In December 2010, Charles Wilhite, along with Angel Hernandez, was convicted of the murder of Alberto Rodriguez outside a market in Springfield, Mass. Wilhite was sentenced to life in prison without the possibility of parole.
According to prosecutors, Hernandez, the market’s owner, hired Wilhite to kill Rodriguez after a long-running feud. Their evidence was based primarily on eyewitness accounts placing Wilhite outside Hernandez’s store the day the shooting took place in 2008.
The first two witnesses gave different accounts of Wilhite’s alleged participation in the crime.
One, who was inside the Pine Street Market when the shooting took place, first claimed not to have seen anything. Later, however, she told the police she witnessed Hernandez run out of his store with a gun. She also remembered seeing two men wearing hoods by a fence near the market. When police showed her a photo lineup – albeit a lineup consisting only of lips and noses to mimic a suspect wearing a hood – the witness picked out the features belonging to Wilhite. She claimed she never got a good look at the man who actually shot the gun.
A second witness, however, identified Wilhite as the shooter a few months later.
After Wilhite and Hernadez were indicted for Hernandez’ murder, a third witness, Nathan Perez, came forward. Perez, who was in the store at the time of the shooting (but by then in jail awaiting his own trial) testified that he witnessed the crime firsthand. Hernandez, he claimed, had a gun, which he handed to Wilhite before exiting the market. Wilhite then fired three shots and ran.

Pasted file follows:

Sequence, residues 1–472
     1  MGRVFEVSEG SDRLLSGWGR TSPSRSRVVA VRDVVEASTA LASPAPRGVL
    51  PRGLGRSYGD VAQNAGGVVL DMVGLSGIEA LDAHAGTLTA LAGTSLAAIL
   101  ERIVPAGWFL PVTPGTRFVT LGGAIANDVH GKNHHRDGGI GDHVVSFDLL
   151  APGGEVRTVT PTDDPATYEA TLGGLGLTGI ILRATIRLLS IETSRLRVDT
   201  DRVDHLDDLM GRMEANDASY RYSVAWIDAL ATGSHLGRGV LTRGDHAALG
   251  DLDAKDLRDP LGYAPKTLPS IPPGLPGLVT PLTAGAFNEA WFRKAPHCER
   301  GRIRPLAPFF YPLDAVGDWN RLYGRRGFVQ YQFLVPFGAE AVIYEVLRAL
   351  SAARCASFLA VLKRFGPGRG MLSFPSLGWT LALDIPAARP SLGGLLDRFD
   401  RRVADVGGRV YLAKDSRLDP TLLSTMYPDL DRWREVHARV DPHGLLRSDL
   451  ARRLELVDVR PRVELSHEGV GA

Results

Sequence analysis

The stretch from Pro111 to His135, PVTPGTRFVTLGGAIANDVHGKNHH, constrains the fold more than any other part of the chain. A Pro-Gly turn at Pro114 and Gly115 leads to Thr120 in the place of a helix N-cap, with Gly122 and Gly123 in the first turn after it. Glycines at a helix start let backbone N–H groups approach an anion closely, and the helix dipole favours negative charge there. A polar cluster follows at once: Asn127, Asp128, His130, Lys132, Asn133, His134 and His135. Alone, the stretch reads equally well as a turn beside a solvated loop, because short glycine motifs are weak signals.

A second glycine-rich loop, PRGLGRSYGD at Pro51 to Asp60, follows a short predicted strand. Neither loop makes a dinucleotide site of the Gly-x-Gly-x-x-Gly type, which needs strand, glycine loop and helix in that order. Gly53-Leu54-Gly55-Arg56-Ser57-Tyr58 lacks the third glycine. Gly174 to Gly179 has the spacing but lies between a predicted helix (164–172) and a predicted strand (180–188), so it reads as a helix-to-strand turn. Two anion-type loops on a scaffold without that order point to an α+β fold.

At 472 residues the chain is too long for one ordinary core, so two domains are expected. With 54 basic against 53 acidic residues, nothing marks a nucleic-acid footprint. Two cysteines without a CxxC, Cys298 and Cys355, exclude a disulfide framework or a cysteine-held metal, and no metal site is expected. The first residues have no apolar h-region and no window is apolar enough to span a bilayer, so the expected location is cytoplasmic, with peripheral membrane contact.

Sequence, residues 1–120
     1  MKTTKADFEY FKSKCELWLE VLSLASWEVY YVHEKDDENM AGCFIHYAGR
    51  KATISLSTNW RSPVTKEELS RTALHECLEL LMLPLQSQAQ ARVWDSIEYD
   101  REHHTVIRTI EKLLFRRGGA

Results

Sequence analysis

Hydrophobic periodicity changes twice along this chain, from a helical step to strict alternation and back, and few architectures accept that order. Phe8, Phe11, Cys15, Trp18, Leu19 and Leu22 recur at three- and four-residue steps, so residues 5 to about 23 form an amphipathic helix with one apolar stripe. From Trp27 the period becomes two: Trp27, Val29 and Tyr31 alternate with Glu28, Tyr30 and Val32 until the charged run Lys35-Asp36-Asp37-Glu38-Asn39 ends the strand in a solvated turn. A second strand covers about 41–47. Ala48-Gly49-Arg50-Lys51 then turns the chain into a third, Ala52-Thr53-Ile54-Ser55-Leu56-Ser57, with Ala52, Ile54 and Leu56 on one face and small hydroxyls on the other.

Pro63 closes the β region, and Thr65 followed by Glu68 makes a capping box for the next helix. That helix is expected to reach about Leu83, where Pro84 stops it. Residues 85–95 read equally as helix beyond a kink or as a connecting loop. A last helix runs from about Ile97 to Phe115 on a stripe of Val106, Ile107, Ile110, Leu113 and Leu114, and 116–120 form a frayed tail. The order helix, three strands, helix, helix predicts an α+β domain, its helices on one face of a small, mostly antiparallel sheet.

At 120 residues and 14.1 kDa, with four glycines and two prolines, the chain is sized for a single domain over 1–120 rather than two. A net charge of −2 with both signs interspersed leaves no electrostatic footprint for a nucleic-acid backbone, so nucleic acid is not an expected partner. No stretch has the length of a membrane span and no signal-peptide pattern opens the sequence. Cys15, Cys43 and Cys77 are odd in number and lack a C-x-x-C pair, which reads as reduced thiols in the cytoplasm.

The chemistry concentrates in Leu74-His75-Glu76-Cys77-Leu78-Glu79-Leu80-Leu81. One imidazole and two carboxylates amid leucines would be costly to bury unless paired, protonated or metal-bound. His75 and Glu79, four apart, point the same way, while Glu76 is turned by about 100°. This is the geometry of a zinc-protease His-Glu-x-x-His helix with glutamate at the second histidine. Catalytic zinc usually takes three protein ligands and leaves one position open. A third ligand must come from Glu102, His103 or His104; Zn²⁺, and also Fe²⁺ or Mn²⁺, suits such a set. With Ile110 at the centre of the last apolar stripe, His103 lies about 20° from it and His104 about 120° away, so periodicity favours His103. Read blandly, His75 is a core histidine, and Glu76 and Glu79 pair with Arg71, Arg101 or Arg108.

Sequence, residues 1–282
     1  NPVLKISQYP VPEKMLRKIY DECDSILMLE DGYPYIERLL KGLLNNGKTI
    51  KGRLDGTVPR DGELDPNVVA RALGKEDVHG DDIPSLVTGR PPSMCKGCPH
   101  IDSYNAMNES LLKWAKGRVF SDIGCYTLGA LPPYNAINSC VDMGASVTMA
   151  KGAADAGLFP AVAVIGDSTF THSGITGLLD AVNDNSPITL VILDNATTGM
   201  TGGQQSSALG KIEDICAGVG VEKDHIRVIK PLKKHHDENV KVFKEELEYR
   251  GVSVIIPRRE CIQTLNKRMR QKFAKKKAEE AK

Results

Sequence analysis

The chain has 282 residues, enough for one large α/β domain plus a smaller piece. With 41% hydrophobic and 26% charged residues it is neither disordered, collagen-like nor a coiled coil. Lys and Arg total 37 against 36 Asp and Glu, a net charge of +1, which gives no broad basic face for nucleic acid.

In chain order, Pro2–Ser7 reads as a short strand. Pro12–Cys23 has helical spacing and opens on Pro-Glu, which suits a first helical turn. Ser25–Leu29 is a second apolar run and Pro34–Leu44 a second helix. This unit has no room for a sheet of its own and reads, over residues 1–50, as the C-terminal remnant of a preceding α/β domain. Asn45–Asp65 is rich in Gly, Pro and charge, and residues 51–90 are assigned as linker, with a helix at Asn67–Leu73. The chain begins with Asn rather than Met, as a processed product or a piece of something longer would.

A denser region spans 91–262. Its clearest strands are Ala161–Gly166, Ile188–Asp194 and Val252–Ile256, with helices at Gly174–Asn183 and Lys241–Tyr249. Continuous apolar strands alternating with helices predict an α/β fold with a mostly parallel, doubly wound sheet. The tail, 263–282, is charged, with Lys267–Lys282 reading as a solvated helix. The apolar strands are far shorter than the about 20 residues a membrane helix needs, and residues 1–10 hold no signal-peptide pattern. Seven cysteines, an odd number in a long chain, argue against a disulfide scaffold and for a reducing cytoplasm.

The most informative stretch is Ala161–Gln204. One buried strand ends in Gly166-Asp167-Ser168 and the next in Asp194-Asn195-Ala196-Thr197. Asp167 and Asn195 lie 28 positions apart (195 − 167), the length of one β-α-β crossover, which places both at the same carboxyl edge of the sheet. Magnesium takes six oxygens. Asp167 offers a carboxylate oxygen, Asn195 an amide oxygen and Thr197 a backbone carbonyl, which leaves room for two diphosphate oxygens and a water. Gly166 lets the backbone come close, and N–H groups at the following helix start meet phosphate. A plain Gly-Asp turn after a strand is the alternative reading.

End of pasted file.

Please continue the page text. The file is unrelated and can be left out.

After Wilhite and Hernandez were convicted and sentenced, Perez and another witness changed their testimony, opening up troubling questions about police misconduct and procedure.
While Perez was in prison, he claims detectives approached him on several occasions, asking him to identify the people he saw in the market on the day of the shooting. When Perez pointed out people other than Wilhite, he was told that he would be tried as an accessory to the crime. But if he ID’ed Wilhite, his pending charges would be dropped – the police, Perez alleges, were even helpful enough to write “shooter” on the photo of Wilhite he was supposed to identify.
Perez formally recanted his testimony in August 2011, eight months after Wilhite was convicted. The next May, a judge granted a new trial, though he didn’t buy Perez’s claims of police corruption. Without the testimony of two key eyewitnesses, and no physical evidence supporting Wilhite’s guilt, a jury deliberated for six hours before finding him not guilty.